Each diamond is unique but when it’s cut and polished, diamonds hold certain characteristics, referred as diamond anatomy. Read more about the anatomy of a diamond and with the measurements that play a key role in determining its cut. The parts of a diamond are mainly divided into three groups: Crown, Girdle & Pavilion.

Diamond Anatomy

Table: It’s the flat top of the diamond and it is the largest facet, known as face. Diamond Table is the main place where light enters and exits the diamond.

Crown: The upper portion of the stone, between Table and Girdle is known as Crown. It contains several types of facets.  It is usually the part of the diamond which will be above the prongs settings that hold the stone in place.  Crown area is visible in Diamond along with the table.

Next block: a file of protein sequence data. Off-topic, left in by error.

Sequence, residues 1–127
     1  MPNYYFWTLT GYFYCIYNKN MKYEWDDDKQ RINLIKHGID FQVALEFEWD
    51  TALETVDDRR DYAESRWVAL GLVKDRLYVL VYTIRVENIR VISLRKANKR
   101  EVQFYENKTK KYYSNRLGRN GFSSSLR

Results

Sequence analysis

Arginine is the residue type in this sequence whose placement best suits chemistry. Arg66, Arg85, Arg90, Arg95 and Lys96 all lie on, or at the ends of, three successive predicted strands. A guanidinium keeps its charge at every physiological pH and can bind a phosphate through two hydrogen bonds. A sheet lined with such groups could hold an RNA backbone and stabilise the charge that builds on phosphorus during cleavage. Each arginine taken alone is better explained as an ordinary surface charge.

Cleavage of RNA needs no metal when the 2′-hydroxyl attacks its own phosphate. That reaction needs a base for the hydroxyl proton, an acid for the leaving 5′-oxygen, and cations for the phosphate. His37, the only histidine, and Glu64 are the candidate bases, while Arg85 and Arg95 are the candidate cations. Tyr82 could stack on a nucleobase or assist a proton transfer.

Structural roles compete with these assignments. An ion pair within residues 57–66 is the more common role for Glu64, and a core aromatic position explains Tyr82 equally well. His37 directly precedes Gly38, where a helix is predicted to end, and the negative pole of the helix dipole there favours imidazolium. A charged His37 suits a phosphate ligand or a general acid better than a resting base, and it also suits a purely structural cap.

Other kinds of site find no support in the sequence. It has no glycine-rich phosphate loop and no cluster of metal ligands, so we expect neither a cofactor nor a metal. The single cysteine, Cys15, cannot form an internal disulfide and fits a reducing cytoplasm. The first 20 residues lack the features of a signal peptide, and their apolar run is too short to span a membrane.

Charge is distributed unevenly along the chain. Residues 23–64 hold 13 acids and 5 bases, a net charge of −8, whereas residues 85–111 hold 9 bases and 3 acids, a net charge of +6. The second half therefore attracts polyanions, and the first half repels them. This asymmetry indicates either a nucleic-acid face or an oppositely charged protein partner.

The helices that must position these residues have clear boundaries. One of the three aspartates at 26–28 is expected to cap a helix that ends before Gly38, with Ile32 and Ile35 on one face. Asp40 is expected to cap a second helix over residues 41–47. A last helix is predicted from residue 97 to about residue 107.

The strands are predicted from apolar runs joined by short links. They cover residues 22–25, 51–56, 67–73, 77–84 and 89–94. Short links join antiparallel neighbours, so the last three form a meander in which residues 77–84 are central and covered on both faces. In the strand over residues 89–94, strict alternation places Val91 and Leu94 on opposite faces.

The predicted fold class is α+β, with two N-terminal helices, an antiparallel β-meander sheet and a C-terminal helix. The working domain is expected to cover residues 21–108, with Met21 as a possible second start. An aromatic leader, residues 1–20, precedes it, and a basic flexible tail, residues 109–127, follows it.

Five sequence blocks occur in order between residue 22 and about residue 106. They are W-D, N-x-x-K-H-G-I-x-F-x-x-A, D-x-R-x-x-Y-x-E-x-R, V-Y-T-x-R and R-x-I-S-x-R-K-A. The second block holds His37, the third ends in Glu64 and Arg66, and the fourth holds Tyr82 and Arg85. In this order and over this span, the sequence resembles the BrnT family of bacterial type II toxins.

Girdle: It’s the edge or border of the stone that forms it where the Crown area meets the Pavilion - it’s like a dividing line. The Girdle is not much noticeable and this part is faceted or smooth.

Pavilion: It the longest part of the diamond, extending from the girdle to the culet. It’s is often hidden in part under the prongs. Pavilion redirect the light that enters the diamond and send it back to the crown. It acts like the reflector. The angles inside determine the light reflection.

Culet: It is the lowest part of the diamond. The facet at the tip of a gemstone. The preferred culet is not seen with the unaided eye (graded "none" or "small"). The culet is the most prone part of a diamond is inclined to break. When set in jewelry, it is covered and unlikely to be harmed.

Depth: The height of a diamond measured from the culet to the table.

Diameter: The width of the diamond through the girdle

Facet: The smooth, flat faces on the surface of a diamond. They allow light to both enter a diamond and reflect off its surface at different angles. A round brilliant has 58 facets (or 57 if there is no culet).